The science of climate change says that we should all be making changes to our lives in order to reduce the amount of carbon dioxide we release in to the atmosphere. Switch off those lights, buy a hybrid, and do your bit. But what about the scientists themselves?
Ryan Brook of the University of Calgary in Canada believes that researchers in to climate change should be mindful of saying “Do as I say, not as I do.” Scientists who undertake expeditions to the polar regions in the name of studying climate change actually have rather large carbon footprints themselves.
Writing in the June issue of Arctic, the journal of the UoC’s Arctic Institute of North America, Brook calculates that his own research footprint amounts to 8300 kg of CO2 per year. In comparison an average citizen of the Canadian capital Toronto produces 8600 kg of CO2 per year.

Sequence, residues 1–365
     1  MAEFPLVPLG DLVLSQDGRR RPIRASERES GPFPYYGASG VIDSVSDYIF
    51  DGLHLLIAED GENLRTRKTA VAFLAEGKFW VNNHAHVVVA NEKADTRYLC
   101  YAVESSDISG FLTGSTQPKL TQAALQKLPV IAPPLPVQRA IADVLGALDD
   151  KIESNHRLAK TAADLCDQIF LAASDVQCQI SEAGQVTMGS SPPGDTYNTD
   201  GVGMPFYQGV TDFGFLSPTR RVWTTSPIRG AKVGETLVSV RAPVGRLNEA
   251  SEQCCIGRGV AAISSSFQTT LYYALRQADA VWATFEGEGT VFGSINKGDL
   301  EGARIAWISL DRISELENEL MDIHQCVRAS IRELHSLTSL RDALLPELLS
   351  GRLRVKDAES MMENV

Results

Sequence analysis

“My research footprint is about the same as the annual footprint of an average Toronto resident. Basically, I have two footprints—my own personal life, which is moderate, and my research footprint,” he says.
The figure is so high because of the numerous helicopters, planes and ships required to carry out climate change research. One possible solution is for scientists to purchase carbon offsets for their research. Whilst Brook says his colleagues “dismiss them as a sham”, he believes that buying offsets will promote dialogue and leadership from the scientific community.
“There aren’t necessarily any easy answers, but we need to start talking about it,” says Brook. “This is particularly important for the next generation of scientists being trained and I hope to see them become leaders in this issue.”